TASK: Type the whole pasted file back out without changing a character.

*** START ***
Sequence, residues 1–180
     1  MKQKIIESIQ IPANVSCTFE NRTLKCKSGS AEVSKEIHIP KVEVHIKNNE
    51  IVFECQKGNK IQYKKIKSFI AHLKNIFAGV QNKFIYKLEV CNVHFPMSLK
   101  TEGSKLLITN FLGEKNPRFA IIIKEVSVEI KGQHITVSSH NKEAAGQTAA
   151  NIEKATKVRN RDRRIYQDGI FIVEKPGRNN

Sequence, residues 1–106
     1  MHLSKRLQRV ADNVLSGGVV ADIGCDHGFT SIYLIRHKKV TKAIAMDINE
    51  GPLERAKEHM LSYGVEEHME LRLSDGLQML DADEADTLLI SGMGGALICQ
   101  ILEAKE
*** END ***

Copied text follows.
Sequence, residues 1–180
     1  MKQKIIESIQ IPANVSCTFE NRTLKCKSGS AEVSKEIHIP KVEVHIKNNE
    51  IVFECQKGNK IQYKKIKSFI AHLKNIFAGV QNKFIYKLEV CNVHFPMSLK
   101  TEGSKLLITN FLGEKNPRFA IIIKEVSVEI KGQHITVSSH NKEAAGQTAA
   151  NIEKATKVRN RDRRIYQDGI FIVEKPGRNN

Sequence, residues 1–106
     1  MHLSKRLQRV ADNVLSGGVV ADIGCDHGFT SIYLIRHKKV TKAIAMDINE
    51  GPLERAKEHM LSYGVEEHME LRLSDGLQML DADEADTLLI SGMGGALICQ
   101  ILEAKE